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Conflict of Interest Shadows Germany in Upcoming Controversial India Nuclear Trade Decision, Report Shows
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For Immediate Release: August 20, 2008


Contacts: Daryl G. Kimball, Executive Director, 1-202-463-8270 x107 and Oliver Meier, International Representative (Berlin), +49 171 359 2410.

(Washington): A respected nuclear journal this week reported that Germany's position on a controversial proposal to lift global nuclear trade restrictions on India might have been influenced by a private German firm's joint venture with the French nuclear conglomerate Areva. France is supportive of a U.S. drive to exempt India from existing nuclear trade rules, while many other countries have expressed opposition or concerns.

Previously, Germany had been more critical of the proposal, but now, under pressure from the United States and France, Germany has agreed to support the exemption for India, according to an Aug. 19 report in Platts Nuclear News Flash. That report notes that during German government discussions on the proposal to exempt India from the NSG rule in 2007 and 2008, "participants had expressed concern that Germany's reluctance to support granting India the exemption might impact a pending decision by French President Nicolas Sarkozy whether to make changes in the ownership structure of Areva NP that would replace the German Siemens with a French firm. Siemens currently holds a one-third share in Areva NP."

Germany's position on the issue matters greatly because it is currently the chair of the 45-member Nuclear Suppliers Group (NSG). The voluntary group is scheduled to meet Aug. 21-22 to discuss the U.S. proposal to exempt India from an NSG trade rule that nuclear importers must have international safeguards on all of their nuclear facilities and materials, which India does not. In its role as the NSG chair, Germany has a vital role in arbitrating the discussion and helping the NSG reach a decision by consensus.

"The report is deeply troubling because it suggests that Germany's role as the chair of the NSG is compromised given that it clearly has a conflict of interest that has affected its nonproliferation policy at the NSG. It is also clear that France is in a position to exert undue political influence over Germany's behavior," said Daryl G. Kimball, the executive director of the Arms Control Association. "Germany has a special responsibility to consider and take into account the position of NSG states that do not support the proposed exemption for India and to incorporate their proposed restrictions and conditions on trade with India," Kimball suggested.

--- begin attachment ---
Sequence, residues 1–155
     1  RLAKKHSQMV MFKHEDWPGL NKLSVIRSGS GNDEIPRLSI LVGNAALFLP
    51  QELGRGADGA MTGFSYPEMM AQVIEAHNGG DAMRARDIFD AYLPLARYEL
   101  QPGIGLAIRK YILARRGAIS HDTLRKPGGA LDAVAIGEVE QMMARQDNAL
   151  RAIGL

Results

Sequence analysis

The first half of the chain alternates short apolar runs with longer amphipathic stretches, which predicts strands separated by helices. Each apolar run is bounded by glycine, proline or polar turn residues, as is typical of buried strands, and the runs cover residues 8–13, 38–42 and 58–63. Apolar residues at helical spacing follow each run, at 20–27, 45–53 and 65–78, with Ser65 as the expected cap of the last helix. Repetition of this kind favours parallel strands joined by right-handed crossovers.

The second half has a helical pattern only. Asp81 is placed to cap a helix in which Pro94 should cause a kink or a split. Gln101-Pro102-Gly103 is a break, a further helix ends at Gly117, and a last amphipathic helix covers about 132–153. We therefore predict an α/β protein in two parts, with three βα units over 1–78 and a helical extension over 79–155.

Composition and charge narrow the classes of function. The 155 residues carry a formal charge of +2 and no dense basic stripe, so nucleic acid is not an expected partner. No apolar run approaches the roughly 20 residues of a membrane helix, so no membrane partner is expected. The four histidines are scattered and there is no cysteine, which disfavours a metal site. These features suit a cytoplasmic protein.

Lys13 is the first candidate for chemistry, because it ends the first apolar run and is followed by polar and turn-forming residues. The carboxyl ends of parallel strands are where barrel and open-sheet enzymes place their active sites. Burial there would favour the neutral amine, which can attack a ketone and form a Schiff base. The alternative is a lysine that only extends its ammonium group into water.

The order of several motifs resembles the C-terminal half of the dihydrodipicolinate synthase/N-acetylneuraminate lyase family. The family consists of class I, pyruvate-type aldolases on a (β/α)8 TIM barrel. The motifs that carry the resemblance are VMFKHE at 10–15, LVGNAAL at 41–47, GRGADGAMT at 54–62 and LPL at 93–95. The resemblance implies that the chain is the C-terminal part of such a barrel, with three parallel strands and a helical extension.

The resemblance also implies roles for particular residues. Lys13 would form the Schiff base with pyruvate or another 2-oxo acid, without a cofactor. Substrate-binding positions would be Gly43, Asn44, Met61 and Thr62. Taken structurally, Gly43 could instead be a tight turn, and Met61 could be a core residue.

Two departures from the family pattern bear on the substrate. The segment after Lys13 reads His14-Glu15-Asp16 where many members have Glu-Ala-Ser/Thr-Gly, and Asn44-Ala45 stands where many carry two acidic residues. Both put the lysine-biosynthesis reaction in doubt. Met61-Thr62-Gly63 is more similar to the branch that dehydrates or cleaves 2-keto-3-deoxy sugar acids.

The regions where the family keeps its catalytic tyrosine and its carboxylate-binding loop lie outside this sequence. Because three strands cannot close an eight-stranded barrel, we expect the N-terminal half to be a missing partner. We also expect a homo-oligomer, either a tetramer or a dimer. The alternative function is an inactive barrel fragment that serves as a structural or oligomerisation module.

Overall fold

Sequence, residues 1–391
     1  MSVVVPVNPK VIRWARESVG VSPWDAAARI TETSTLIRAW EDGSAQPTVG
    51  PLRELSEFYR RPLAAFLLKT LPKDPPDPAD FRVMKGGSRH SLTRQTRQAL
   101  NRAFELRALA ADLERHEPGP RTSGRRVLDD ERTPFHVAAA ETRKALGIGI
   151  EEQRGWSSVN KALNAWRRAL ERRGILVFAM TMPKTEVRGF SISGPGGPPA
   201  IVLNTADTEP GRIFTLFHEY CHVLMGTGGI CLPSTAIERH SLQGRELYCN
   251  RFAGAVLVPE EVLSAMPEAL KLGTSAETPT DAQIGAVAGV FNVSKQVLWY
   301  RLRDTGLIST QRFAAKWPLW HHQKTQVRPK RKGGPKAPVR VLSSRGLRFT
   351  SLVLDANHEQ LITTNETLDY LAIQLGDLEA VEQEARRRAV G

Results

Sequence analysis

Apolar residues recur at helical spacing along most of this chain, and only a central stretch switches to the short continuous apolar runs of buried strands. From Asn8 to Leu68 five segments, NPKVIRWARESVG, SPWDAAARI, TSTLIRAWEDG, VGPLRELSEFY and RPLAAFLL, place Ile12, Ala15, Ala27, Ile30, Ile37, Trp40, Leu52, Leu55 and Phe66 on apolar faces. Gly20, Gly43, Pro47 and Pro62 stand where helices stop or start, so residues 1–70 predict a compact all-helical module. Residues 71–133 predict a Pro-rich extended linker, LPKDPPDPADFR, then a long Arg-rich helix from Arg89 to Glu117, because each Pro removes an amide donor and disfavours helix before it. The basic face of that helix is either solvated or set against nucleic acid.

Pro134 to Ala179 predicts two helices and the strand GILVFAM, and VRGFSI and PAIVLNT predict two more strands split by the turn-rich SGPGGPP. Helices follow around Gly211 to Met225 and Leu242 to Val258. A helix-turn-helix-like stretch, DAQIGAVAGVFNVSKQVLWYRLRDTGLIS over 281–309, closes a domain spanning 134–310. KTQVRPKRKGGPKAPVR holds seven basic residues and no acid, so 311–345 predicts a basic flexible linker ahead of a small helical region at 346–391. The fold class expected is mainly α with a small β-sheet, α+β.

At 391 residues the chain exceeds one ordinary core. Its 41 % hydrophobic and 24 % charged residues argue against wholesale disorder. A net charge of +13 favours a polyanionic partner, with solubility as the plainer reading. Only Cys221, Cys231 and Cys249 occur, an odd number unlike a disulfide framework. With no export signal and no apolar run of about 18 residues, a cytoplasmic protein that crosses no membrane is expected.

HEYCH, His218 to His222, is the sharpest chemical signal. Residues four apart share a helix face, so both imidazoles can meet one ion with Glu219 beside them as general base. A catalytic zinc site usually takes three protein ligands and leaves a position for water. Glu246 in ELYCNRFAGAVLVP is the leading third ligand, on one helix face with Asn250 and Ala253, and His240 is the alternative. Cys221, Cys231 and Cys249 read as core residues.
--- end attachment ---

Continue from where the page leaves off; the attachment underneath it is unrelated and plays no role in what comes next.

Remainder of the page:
According to an Aug. 19 report by Platts Nuclear News Flash publication, during German interagency discussions on the proposal to exempt India from the NSG rule in 2007 and 2008, "participants had expressed concern that Germany's reluctance to support granting India the exemption might impact a pending decision by French President Nicolas Sarkozy whether to make changes in the ownership structure of Areva NP that would replace the German Siemens with a French firm. Siemens currently holds a one-third share in Areva NP."

Areva, along with other nuclear vendors in Russia, the United States, and Japan hope to sell nuclear power plants and technology to India if the restrictions on such trade with India are lifted. According to the report in the industry newsletter, "During 2008, German leaders have urged Sarkozy to retain Siemens in Areva NP, in the interest of assuring the German company's future as a global nuclear power vendor."

"It is highly ironic that the German government and its foreign minister, which support a policy to phase out the use of nuclear power in Germany, are now seeking to facilitate a change in NSG policies to help a German company profit from nuclear business in other countries," noted Kimball.

The proposed NSG rule exemption would allow India to acquire nuclear technology and material previously off limits to it because of India's misuse of past nuclear imports for peaceful purposes to conduct a nuclear explosion in 1974 and refusal to allow full-scope international safeguards.

Several NSG members have raised questions about rewarding India with greater opportunities to engage in international nuclear trade while India continues to refuse to constrain its nuclear weapons program.

ACA and a wide-range of other NGOs and experts have called the proposal a "nonproliferation disaster" in an Aug. 15 letter to Germany and other NSG participants. They are recommending that at a minimum, the NSG establish a policy banning the transfer of enrichment and reprocessing technology to India and an immediate suspension of all NSG trade if India resumes nuclear testing. (See http://www.armscontrol.org/node/3287)

A copy of the text of the U.S. proposal to exempt India from NSG rules and ACA's analysis is available online at http://www.armscontrol.org/node/3274

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The Arms Control Association is a private research and policy advocacy organization established in 1971 to promote effective arms control and nonproliferation solutions.

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